It's World Hydrography Day! Today we recognize the great work that hydrographers in NOAA and other organizations do to keep our waterways safe, our economy and blue economy strong, and our communities resilient.
This year's theme: Hydrographic information driving marine knowledge
Ocean Mapping Capabilities
Coast Survey’s seafloor mapping program comprises a comprehensive set of capabilities that range from not just data collection, but rigorous quality control, an expert workforce, and ability to collaborate widely. Learn more about our ocean mapping capabilities.
Coast Survey spotlight: Meet Kurt Mueller
As a physical scientist and eleven-year veteran of Coast Survey, Kurt Mueller works to ensure that hydrographic data coming from NOAA ships, as well as other data from external agencies, meets the rigid standards required to build an accurate and reliable nautical chart. Read more
This year's theme: Bathymetry - the foundation for sustainable seas, oceans and waterways
From seaports to the deep blue sea, bathymetry matters on many scales
By Rear Adm. Shep Smith, Director, Office of Coast Survey
On Thursday, June 21, we celebrate World Hydrography Day. This year’s theme—Bathymetry - the foundation for sustainable seas, oceans and waterways—is very timely as many hydrographic organizations worldwide are focusing on bathymetry at local and global scales... Read more
World Hydrography Day Reddit "Ask Us Anything"
Join us on Thursday, June 21, 2018, from 1 p.m. to 3 p.m. (EDT) for a Reddit "Ask Us Anything" featuring Rear Adm. Smith, director of the Office of Coast Survey and Lt. Cmdr. Greenaway, chief of Coast Survey’s Hydrographic Systems and Technology Branch as they answer your questions on how NOAA maps the U.S. seafloor.
Coast Survey spotlight: Meet Starla Robinson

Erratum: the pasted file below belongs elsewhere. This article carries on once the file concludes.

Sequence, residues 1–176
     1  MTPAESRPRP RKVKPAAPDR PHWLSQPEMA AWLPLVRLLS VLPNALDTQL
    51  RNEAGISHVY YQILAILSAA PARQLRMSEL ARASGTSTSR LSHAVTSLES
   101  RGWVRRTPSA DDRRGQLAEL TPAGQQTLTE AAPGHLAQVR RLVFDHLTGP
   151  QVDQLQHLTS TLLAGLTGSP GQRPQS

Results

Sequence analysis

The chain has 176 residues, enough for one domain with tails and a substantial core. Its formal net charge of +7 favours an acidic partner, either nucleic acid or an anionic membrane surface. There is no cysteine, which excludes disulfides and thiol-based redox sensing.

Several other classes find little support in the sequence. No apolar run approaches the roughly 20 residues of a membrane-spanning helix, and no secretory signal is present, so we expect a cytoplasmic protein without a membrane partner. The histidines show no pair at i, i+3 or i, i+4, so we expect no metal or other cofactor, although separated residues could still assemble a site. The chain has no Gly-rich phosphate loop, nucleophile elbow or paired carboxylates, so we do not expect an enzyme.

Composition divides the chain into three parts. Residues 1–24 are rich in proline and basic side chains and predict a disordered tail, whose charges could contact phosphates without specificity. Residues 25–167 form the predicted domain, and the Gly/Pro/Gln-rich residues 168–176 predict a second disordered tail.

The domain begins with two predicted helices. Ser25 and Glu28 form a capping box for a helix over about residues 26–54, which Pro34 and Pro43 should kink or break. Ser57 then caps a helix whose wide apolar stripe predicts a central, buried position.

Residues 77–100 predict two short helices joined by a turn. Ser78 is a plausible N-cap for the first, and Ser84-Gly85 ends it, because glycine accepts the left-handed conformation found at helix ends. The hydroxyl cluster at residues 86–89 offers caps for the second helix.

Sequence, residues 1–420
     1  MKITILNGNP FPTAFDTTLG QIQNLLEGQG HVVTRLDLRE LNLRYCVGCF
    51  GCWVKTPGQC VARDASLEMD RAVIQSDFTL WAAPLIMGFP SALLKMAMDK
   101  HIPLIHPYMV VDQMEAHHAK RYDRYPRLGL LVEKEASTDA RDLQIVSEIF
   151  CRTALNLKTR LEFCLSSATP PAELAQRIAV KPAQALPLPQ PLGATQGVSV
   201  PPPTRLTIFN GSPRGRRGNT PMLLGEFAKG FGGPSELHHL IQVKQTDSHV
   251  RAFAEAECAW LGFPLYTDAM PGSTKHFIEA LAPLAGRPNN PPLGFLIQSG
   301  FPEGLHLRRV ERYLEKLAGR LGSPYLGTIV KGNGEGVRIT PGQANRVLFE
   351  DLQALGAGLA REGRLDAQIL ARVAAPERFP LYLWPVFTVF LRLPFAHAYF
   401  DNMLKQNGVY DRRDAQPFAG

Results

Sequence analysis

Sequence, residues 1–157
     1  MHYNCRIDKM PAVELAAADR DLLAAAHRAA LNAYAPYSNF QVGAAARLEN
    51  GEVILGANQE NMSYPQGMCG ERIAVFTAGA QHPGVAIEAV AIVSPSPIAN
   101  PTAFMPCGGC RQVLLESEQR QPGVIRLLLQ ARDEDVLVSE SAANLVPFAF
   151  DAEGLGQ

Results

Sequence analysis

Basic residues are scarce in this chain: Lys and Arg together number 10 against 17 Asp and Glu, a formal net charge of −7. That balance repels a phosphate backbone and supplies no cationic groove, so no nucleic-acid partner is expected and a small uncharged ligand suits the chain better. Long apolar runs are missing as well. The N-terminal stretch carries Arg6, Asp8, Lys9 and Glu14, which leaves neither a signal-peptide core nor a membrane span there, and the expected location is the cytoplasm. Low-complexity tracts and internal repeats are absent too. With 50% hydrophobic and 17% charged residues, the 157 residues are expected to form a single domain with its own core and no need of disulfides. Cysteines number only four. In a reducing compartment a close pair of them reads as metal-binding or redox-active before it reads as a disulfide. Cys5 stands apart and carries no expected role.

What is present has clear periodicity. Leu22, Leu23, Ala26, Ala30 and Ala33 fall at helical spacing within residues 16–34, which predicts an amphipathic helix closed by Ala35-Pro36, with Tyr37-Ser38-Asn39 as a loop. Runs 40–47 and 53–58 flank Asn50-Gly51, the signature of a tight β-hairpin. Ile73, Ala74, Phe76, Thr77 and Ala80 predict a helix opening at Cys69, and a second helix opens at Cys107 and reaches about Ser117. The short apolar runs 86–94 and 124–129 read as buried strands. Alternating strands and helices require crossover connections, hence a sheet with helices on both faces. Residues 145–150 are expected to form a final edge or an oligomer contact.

Starla Robinson was drawn to Coast Survey by her desire for adventure on the high seas, exploration, and also a desire to balance it with time on land. As a physical scientist, she plans, coordinates, and communicates the details of hydrographic survey projects. Read more
Creating a picture of the seafloor: Bathymetric data sources
From lidar and hydrographic survey data to remote sensing and crowdsourced data, NOAA uses data from many sources to obtain accurate depths of the seafloor and to update nautical charts. Click the image for a larger view.
Coast Survey spotlight: Meet Brian Martinez
After graduating with a bachelor of science degree from the University of Maryland Baltimore County, Brian landed a job as a contractor for Coast Survey and has been there ever since. As a lead cartographer, Brian ensures that the nautical products Coast Survey updates and maintains are high quality. Read more
Multiple uses of bathymetric data
The value of bathymetric data extends beyond navigational products. Fisheries management, military and defense efforts, and our knowledge of tides, ocean circulation patterns, and underwater geohazards can all be informed by bathymetric data. Learn more from this infographic.